August 19, 2006
Well, I suppose I've finally done it. Mother gave me this journal what was it 5 years ago? And after her death I never really had the heart to write in it. Now I've finally written in it, aren't you happy?
My mother, who was she really to me? I don't think I have the faintest idea. She died the day after my birthday, the day after I got this journal, when I was ten. I guess it was really her birthday present for me, her death I mean. No more taking care of her. No more pampering, no more of the strangers in my house to help her eat, sleep, and even use the bathroom. I never really knew my mother. She was as much of a stranger to me as the others that came and stayed at our house.
She was diagnosed with ALS when I was 5. The disease teased my mother out of the use of her legs, her arms, her hands and eventually her voice. Finally after 5 years of suffering, my mom was laid to rest on June 3rd, 2001.
Really, I never knew my mother. My fondest memories of her were her yelling at me to get her something to drink, her laughing at me when I asked if I could go out with friends. I did not cry when she died. I did not mourn her. I was happy when my father told me of her passing.
But that was 5 years ago. I suppose that my mother had appreciated me though. She gave me this journal. This lovely light lavender book. I've always wondered where she had gotten this book; she spent all her time indoors because she was always cold. She hadn't been outside since probably the summer of 1999.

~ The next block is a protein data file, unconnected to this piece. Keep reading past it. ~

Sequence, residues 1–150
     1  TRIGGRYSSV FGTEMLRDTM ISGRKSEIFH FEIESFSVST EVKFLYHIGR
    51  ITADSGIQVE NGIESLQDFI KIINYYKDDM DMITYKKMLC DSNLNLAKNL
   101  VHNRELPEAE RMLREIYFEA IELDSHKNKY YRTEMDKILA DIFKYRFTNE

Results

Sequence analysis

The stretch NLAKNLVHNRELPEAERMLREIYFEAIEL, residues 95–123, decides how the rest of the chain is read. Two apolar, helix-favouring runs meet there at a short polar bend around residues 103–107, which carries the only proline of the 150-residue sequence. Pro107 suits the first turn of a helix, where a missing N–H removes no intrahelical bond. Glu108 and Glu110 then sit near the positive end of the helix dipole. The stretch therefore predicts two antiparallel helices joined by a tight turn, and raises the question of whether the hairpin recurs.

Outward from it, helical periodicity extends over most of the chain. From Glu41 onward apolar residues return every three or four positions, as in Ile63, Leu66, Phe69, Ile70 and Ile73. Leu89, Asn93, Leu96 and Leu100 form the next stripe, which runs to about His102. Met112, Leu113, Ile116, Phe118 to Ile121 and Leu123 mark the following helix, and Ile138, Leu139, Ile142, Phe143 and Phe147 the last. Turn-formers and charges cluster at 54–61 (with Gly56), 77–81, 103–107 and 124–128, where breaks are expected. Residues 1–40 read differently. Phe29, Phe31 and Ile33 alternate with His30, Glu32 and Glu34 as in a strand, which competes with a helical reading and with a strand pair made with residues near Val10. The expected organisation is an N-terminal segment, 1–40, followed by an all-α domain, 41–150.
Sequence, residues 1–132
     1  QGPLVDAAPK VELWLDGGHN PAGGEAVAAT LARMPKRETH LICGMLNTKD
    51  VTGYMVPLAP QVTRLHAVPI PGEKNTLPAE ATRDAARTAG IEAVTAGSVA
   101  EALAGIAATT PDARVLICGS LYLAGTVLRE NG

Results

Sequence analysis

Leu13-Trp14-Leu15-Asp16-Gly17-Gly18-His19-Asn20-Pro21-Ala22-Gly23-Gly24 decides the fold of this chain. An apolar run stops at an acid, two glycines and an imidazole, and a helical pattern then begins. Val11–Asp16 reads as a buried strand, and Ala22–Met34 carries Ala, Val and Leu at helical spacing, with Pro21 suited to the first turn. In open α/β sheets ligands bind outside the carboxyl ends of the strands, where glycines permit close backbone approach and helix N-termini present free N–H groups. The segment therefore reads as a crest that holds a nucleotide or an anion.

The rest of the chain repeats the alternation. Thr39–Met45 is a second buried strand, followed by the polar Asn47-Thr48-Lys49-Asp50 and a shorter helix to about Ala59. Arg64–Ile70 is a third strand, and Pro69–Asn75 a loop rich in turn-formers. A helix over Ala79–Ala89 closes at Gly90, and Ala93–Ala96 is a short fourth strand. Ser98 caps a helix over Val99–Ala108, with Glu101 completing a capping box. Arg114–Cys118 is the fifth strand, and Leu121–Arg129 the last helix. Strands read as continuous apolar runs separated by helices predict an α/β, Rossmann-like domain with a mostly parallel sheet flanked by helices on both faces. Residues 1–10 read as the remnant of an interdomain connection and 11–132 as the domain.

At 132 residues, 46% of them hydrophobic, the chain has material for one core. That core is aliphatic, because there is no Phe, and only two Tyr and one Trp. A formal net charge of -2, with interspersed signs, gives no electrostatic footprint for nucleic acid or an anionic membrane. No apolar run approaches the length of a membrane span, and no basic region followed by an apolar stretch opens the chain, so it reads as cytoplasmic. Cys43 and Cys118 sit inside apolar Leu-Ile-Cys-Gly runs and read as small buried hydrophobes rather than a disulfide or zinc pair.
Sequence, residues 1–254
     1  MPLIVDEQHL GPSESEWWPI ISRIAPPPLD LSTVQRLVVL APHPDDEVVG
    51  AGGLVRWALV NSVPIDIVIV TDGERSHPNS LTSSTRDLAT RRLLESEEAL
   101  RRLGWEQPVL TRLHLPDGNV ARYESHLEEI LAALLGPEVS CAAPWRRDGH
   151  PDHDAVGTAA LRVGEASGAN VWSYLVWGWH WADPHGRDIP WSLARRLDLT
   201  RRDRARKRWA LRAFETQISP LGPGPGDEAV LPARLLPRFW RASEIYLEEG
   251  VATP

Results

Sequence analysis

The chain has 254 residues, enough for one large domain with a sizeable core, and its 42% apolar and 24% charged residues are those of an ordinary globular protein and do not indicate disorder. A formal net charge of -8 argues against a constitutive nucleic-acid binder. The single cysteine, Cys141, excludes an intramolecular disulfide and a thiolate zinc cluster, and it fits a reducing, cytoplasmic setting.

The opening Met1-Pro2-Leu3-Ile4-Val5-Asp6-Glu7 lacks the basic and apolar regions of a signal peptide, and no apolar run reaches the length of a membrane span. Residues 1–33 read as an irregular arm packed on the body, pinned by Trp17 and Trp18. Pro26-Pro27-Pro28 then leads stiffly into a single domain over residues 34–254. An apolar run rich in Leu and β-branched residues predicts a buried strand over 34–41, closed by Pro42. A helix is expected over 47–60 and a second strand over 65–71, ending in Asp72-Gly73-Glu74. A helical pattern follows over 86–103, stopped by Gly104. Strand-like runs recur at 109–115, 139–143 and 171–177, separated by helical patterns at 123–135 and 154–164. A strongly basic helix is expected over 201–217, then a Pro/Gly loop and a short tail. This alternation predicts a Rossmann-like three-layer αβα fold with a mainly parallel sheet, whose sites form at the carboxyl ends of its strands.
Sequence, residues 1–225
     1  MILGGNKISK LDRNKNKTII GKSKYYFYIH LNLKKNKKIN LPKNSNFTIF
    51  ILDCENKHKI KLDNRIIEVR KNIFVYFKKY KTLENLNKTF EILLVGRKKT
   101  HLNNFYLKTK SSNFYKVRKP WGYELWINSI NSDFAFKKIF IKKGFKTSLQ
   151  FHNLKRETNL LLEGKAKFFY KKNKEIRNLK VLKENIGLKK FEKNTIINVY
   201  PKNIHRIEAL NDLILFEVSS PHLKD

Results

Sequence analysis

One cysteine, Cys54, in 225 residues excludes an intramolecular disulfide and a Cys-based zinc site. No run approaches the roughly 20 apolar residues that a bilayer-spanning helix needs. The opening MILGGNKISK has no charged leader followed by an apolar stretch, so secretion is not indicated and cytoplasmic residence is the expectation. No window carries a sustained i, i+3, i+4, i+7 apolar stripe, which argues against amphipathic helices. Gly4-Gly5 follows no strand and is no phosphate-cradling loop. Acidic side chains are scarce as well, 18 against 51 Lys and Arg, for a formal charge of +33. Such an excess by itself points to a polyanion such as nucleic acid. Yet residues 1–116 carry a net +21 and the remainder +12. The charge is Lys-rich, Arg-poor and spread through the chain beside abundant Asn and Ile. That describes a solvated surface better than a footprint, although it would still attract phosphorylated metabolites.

But that was before I had opened it. The pages felt lovely when I first I looked through them. The front page had in it a poem:
The lovely trees poked through the lovely forest.
Everything is as lovely as you.
The world is so frightening,
I wonder what I would ever do without you.
The ocean is beautiful; its waves are powerful,
And all I can do is swim along, swim until I reach the shore.
Life is timeless, there is not much time left,
All I can do is live and wish, wish for more.
The wind whispers as if giving me a secret;
I love you, I love you…
And these words mean so much to me,
Because I can't ever help but think of you.
When I read this poem, I thought for a second about where it would come from… did my mother really think of me in this way? That's when I turned the page. In my mother's pen she had written:
This poem was written by your father. He gave this book to me and wrote this poem for me. The author's name is Mitchell Robertson. I'm sorry for never telling you your real father's name, but now that you're old enough, I think you have the right to know. He was a poet. If you ever want to know the real story, find him. He will tell it much better than I can.
At the moment that I read this, my jaw dropped. The man my mother had married was John Trotter. He was not my father. Did he know? Did he even care that the onewhohad been calling him father and dad for fifteen years was not his real daughter. I wondered about my siblings, I have a younger sister and a younger brother,arethey my half-siblings oram I fully related to them?